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Scientists Find First Protein In Central Nervous System Junctions

Date:
November 16, 1998
Source:
Washington University School Of Medicine
Summary:
Scientists have identified the first protein needed for synapse formation in the central nervous system. Synapses are connections between cells that make the nervous system function. Due to a bizarre twist of evolution, the protein also appears essential for using a trace element called molybdenum.

St. Louis, Nov. 13 -- Scientists have identified the first protein needed for synapse formation in the central nervous system. Synapses are connections between cells that make the nervous system function.

Due to a bizarre twist of evolution, the protein also appears essential for using a trace element called molybdenum.

When the protein is missing, mice display symptoms of two life-threatening human diseases. In one, stiff baby syndrome, some synapses in the spinal cord fail to function properly. In the other, molybdenum cofactor deficiency, cells can't make proper use of molybdenum.

"This is an amazing illustration of how wacky nature can be," says Joshua R. Sanes, Ph.D., a neurobiology professor at Washington University School of Medicine in St. Louis. One of his postdoctoral fellows, Guoping Feng, Ph.D., and Hartmut Tintrup, a graduate student from Heinrich Betz's lab at the Max-Planck Institute for Brain Research in Frankfurt, Germany, are first authors of the paper, which appears in the Nov. 13 issue of Science.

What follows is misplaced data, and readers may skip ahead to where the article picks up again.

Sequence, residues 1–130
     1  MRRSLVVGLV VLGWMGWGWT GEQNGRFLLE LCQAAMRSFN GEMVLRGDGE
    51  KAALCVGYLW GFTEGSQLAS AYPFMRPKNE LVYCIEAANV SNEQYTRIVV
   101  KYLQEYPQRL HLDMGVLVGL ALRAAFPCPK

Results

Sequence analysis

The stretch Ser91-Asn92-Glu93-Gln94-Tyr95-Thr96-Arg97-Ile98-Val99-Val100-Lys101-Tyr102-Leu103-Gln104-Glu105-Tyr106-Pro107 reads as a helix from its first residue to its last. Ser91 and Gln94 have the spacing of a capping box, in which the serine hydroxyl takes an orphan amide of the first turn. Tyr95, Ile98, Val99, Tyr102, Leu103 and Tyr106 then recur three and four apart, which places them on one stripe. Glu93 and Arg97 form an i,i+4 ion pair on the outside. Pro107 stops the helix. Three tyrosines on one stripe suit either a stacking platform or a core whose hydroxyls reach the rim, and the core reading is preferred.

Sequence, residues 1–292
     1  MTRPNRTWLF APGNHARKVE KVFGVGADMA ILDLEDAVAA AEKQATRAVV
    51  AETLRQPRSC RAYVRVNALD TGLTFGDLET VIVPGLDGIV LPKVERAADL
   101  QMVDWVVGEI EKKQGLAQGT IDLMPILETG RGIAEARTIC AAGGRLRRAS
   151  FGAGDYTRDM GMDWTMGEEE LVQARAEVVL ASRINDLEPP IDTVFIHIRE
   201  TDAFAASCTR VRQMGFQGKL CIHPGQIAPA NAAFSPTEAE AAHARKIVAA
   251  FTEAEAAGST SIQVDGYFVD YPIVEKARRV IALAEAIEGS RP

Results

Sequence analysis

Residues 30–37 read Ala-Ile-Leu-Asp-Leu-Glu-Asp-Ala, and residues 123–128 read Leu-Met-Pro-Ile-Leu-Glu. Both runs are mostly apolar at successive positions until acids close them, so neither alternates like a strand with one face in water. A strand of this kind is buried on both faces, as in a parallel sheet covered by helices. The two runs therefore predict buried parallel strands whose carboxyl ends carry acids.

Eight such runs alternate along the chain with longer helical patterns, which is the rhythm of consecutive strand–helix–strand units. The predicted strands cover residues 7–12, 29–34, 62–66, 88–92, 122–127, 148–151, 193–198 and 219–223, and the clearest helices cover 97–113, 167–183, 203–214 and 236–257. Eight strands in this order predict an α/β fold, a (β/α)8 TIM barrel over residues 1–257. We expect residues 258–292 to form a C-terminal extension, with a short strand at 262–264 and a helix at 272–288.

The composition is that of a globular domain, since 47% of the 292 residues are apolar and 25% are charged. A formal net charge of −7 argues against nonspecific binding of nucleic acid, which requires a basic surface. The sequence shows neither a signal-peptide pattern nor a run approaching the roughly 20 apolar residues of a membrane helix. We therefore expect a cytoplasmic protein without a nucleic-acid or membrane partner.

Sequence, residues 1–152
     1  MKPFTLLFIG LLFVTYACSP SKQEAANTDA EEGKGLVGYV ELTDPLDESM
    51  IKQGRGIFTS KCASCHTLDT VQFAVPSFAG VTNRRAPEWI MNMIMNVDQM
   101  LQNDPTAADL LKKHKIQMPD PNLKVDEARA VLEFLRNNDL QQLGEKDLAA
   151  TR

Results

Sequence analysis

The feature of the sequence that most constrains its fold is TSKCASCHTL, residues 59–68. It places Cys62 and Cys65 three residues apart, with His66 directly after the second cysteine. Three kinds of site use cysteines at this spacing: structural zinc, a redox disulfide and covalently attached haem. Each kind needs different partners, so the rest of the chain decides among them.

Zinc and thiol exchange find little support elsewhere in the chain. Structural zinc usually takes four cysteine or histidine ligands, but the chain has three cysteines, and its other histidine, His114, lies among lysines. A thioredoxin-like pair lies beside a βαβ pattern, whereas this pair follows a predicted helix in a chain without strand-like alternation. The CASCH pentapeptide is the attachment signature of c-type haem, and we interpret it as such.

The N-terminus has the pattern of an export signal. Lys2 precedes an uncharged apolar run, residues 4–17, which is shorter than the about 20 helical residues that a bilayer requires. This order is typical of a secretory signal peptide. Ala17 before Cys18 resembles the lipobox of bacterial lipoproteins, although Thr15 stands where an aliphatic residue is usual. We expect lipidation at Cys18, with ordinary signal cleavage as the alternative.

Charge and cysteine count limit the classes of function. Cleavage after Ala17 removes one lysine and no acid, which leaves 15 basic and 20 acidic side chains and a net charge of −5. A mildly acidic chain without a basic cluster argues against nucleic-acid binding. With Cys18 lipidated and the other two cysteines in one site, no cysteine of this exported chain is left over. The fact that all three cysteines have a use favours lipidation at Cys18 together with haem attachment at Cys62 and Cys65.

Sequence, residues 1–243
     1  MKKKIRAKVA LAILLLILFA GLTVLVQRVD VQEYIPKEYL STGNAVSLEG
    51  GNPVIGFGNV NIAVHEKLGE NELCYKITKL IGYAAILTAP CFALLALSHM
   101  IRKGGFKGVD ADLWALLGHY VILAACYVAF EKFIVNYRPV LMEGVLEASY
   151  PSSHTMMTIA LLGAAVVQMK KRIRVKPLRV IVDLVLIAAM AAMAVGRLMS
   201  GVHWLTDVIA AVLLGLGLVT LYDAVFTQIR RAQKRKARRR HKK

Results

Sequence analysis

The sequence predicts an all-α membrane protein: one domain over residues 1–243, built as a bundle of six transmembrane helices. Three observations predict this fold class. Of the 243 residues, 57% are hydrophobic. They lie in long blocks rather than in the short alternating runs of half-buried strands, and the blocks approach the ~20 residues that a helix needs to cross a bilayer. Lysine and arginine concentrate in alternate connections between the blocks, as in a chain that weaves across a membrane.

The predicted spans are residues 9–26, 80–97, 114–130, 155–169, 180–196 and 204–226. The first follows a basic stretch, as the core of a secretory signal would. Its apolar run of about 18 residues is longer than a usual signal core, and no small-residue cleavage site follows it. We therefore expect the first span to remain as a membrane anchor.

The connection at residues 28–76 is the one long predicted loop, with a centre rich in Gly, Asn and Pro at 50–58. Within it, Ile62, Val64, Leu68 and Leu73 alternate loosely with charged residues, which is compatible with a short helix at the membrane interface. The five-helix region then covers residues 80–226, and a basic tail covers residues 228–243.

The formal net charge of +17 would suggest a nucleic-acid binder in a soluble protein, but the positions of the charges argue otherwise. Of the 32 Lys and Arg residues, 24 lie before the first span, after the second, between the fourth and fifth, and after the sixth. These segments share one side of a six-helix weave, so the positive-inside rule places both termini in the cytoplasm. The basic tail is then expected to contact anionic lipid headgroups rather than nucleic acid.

Betz and colleagues discovered the protein, gephyrin, in 1982, isolating it from the spinal cord and brain. They named it after the Greek word for "bridge" because they thought it might connect nerve cell receptors to the cell's internal skeleton, anchoring them in the right place to receive messages from other nerve cells.

A chemical called glycine delivers these messages at some synapses in the spinal cord, damping the activity of recipient cells. It therefore plays a tug-of-war with other chemicals that stimulate the same nerve cells, keeping those cells in balance. When the nerve cells fail to receive glycine signals, they overreact to positive signals and in turn overstimulate muscles. Strychnine, which is commonly used as a rat poison, induces spastic paralysis by blocking receptors for glycine. People with faulty glycine receptors are extremely sick because of excessive contraction of their muscles.

For the past 20 years, Sanes has studied the synapse between nerve cells and muscle, the neuromuscular junction. One of the synaptic proteins his group discovered links stimulatory receptors to the cellular skeleton. He therefore wanted to explore the role of gephyrin, which appeared to play a corresponding role in the central nervous system.

To obtain definitive proof of function, Feng and Tintrup inactivated the gephyrin gene in mice and studied the outcome. Mice that lacked both copies of the gene failed to cluster the glycine receptors in their spinal cord neurons. They also extended their bodies and were spastic, dying within a day of birth. These symptoms were very similar to those induced in mice by strychnine and would be expected if lack of gephyrin sabotages the development of inhibitory synapses.